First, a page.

LONDON, Jan 2 (Reuters) - British manufacturing grew less quickly than expected in December but the sector still looks on track to notch up growth of more than 1 percent in the fourth quarter, according to a survey on Thursday.
Keen for Britain's economic recovery to reduce its reliance on consumer spending, policymakers have taken heart from a pick-up in factory output in recent months.
The Markit/CIPS Manufacturing Purchasing Managers' Index (PMI) eased to 57.3 last month from November's three-year high of 58.1. That was below the 58.0 expected by analysts but still well above the 50 mark that signals expansion.
The average PMI reading for the final three months of the year was the highest since the first quarter of 2011.
"UK manufacturing's strong upsurge continued at the end of 2013, with rates of growth in production and new orders still among the highest in the 22-year PMI survey history," said Markit economist Paul Dobson.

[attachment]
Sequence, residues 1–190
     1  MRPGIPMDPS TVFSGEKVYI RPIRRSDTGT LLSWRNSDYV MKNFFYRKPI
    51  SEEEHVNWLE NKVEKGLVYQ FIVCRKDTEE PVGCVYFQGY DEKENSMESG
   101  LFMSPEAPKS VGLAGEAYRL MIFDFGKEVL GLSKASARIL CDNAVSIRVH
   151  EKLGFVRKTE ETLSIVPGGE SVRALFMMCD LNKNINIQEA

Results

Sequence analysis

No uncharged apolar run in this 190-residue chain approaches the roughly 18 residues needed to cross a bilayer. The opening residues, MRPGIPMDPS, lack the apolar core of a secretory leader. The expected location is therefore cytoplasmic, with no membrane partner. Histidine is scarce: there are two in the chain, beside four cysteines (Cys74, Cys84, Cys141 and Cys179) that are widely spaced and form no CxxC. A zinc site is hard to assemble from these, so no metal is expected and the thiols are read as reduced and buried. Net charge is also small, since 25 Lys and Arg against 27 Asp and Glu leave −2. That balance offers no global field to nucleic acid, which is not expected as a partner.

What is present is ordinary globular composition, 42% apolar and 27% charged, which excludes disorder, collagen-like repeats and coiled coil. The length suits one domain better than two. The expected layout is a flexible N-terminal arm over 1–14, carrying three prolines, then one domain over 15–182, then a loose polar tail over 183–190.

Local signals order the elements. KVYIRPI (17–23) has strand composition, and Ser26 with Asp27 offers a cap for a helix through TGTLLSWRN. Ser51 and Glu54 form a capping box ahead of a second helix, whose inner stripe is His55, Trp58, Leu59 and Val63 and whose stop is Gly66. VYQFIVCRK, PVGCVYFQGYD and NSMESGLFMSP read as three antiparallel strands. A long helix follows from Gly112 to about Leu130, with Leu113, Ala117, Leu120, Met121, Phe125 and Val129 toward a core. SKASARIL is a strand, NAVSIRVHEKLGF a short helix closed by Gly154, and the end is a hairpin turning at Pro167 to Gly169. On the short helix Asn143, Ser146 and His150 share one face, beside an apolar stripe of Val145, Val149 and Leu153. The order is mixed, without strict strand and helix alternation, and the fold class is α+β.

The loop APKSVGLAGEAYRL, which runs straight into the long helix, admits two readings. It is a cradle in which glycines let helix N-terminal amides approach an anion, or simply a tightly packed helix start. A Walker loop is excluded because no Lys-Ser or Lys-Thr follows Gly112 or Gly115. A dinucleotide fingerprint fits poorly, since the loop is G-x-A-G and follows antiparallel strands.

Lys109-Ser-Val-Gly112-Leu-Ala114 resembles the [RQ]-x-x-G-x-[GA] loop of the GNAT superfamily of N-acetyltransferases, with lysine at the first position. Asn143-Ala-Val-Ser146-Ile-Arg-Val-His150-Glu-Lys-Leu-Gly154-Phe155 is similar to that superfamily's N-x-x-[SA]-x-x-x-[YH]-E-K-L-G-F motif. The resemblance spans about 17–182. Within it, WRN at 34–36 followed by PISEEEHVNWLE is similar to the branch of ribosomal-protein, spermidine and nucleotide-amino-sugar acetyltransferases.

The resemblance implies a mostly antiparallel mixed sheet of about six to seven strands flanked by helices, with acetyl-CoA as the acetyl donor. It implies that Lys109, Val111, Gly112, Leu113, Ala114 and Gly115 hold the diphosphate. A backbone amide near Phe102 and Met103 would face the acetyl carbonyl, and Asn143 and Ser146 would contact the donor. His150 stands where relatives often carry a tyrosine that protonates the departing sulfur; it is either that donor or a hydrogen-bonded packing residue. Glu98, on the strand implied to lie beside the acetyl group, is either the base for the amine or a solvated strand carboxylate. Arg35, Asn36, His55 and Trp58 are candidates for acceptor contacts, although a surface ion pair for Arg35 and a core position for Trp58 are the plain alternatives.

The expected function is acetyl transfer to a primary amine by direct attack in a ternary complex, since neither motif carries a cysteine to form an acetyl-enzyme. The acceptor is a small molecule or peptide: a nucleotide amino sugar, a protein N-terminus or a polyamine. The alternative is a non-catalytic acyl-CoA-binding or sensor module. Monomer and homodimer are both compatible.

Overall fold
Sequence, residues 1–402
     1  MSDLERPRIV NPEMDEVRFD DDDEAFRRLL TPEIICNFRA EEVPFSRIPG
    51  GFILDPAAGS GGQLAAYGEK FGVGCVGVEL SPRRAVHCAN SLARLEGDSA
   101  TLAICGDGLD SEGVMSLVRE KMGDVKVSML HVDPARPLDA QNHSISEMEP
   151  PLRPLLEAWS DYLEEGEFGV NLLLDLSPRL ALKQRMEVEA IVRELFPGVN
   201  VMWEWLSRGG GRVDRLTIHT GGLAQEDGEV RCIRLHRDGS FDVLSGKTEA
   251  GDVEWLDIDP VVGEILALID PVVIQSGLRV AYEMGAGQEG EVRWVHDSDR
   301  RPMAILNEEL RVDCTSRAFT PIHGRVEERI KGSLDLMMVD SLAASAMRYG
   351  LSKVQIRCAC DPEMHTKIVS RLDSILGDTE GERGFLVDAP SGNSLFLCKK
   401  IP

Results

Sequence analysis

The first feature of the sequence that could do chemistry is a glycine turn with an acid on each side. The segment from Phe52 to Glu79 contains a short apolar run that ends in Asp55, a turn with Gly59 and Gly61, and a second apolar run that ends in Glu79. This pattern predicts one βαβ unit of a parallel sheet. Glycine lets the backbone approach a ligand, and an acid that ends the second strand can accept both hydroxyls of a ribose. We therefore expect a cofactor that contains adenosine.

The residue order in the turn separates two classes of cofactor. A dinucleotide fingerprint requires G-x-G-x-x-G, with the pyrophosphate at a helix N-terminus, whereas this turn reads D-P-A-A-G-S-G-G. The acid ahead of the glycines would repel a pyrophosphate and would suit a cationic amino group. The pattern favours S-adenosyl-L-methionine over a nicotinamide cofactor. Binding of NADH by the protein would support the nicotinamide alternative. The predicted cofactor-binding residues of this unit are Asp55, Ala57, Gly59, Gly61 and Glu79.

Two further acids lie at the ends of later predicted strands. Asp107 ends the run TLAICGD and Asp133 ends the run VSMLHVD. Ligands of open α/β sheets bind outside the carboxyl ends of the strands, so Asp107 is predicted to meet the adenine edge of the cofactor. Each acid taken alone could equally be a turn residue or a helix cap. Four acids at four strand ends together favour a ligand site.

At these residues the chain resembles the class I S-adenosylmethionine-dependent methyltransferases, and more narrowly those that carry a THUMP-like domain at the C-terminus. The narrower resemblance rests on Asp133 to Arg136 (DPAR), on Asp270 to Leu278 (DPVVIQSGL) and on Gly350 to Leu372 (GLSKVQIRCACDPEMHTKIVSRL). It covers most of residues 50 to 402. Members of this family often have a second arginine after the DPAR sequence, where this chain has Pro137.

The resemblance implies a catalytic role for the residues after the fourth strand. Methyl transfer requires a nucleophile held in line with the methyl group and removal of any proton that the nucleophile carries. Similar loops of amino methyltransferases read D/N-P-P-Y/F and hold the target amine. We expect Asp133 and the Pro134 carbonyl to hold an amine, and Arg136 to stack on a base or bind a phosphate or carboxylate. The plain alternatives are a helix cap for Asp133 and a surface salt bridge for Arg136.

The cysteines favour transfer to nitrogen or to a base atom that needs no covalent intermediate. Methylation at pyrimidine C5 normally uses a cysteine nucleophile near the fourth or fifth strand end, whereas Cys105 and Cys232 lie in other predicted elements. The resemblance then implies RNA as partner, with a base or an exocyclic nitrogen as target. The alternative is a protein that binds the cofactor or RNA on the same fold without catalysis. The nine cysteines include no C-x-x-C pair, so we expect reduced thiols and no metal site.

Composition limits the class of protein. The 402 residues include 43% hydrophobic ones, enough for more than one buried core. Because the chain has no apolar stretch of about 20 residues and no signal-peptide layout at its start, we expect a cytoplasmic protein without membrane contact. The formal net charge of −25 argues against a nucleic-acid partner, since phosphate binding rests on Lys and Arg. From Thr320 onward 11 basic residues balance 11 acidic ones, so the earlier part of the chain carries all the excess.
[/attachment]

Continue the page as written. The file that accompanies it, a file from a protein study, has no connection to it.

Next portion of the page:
While manufacturing has yet to recover to pre-crisis output levels - unlike the service sector which has already surpassed them - Dobson said broad-based growth in the sector should keep the recovery on track going into 2014.
A sub-index for new orders slipped to 60.4 in December from November's 19-year high of 63.9, but it remained well above the historical average.
December's survey signalled an eighth successive monthly rise in manufacturing employment with the second-strongest rate of jobs growth in the past two-and-a-half years.
Unemployment has fallen faster than the Bank of England expected, adding to doubts about how long its pledge to keep interest rates at a record low will last.
Britain's central bank has said it will only consider raising interest rates once unemployment has fallen to 7 percent. That level, which appeared distant when the bank announced its so-called "forward guidance" policy in August, is now fast approaching.
Figures two weeks ago showed unemployment fell to 7.4 percent in the three months to October, down from 7.6 percent in the three months to September.
(Reporting by Christina Fincher; Editing by Toby Chopra)